The term i is the imaginary number iota, and βi is the propagation constant which can be written as (2π/λ)nidi, where ni is the refractive index of the ith thin film and di is the thickness of the same thin film. The M matrix should be calculated for each individual thin film that lies in between 0th and Nth material. These matrices are then multiplied according to Eq. 1 to calculate A matrix.

After the calculation of A matrix, we can obtain the reflection and transmission coefficients of our system, which can be calculated in the same fashion for both s- and p-polarizations.

Reflection coefficient (r), reflectance (R), transmission coefficient (t), transmittance (T), and absorptance (A) are calculated as follows.

\[r=\frac{1}{a_{11}}\hspace{5 cm}(5)\] \[R=|r|^2\hspace{5 cm}(6)\] \[t=\frac{a_{21}}{a_{11}}\hspace{5cm}(7)\] \[T=|t|^2\hspace{5 cm}(8)\] \[A=1-R-T\hspace{3.5 cm}(9)\]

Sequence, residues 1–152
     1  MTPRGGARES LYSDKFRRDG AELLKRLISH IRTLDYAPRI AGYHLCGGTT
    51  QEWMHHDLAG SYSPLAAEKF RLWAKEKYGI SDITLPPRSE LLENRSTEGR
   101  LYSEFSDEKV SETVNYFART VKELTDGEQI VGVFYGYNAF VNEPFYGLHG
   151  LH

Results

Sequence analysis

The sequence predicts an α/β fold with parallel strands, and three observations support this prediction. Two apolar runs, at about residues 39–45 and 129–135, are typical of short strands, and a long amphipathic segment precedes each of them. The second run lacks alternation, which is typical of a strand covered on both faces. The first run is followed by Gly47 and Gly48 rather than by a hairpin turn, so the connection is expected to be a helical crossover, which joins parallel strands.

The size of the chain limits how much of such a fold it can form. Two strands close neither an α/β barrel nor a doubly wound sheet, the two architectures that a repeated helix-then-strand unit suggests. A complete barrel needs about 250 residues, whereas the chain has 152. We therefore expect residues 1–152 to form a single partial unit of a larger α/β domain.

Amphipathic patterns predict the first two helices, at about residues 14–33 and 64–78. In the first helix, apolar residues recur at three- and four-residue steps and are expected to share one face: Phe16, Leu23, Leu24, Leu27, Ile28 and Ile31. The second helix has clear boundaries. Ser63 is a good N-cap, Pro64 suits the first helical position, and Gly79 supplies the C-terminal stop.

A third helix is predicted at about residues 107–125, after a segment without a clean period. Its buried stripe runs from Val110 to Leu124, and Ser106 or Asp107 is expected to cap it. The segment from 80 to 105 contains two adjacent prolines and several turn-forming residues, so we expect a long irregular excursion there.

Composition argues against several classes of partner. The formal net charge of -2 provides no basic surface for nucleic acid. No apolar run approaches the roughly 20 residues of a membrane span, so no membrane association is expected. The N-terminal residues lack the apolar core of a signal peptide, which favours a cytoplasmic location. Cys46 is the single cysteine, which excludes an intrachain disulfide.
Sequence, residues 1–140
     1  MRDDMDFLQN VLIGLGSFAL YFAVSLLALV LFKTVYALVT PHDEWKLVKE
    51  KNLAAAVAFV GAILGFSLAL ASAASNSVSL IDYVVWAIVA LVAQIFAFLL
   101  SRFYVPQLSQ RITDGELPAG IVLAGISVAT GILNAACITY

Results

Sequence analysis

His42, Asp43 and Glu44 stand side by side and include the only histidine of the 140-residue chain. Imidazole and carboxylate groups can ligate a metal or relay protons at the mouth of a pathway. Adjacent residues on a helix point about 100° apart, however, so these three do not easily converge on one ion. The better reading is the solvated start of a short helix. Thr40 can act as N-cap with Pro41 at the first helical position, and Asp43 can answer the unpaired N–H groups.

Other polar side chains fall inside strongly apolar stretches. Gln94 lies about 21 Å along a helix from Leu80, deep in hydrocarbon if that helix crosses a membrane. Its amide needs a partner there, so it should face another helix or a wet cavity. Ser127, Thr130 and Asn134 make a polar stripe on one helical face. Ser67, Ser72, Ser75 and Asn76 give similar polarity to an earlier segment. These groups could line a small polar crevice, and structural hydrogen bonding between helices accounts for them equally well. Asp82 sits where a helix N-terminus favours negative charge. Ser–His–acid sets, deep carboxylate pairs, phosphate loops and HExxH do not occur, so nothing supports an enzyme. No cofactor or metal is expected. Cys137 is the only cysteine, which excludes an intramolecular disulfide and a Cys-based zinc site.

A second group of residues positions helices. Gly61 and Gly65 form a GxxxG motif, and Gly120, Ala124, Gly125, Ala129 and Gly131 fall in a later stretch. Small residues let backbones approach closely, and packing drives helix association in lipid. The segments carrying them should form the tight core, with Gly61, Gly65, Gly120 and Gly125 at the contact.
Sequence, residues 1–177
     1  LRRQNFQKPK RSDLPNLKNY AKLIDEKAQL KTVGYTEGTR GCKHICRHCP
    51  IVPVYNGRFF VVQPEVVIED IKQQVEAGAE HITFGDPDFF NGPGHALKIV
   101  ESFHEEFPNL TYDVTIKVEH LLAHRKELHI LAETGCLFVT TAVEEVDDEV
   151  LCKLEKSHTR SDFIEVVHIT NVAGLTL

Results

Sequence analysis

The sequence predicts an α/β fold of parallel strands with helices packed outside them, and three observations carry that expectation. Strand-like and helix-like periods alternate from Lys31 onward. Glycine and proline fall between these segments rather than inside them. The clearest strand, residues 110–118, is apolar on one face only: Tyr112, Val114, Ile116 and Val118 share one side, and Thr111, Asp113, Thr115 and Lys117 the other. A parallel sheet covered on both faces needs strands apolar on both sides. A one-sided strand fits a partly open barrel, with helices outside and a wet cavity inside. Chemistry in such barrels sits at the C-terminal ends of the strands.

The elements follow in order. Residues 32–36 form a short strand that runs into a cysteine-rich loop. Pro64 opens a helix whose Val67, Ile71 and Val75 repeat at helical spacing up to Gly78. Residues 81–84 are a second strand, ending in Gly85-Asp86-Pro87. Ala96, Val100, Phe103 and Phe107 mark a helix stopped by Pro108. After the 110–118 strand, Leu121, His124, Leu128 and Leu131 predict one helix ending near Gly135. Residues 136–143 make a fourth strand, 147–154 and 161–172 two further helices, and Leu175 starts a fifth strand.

Algorithm for thin film calculation (Basis of a 1D/2D solver) using matrix method

  1. Get refractive indices of different layers at wavelengths of interest.

2. Find the angle of refraction for the first thin film as the EM wave enters from material 0 to the first thin film. This angle of refraction can then be used as the angle of incidence for EM wave in thin film 1 to calculate the angle of refraction in thin film 2 and so on. These angles can be calculated using Snell’s law as follows.

\[n_1sin\theta_1=n_2sin\theta_2\hspace{5 cm}(10)\]

3. Find the propagation constant of each thin film.

4. Find the M matrices for each layer.

5. Substitute the values of angle, propagation constants, and M matrices in Eqs. 1 & 2 to calculate the A matrix for each polarization.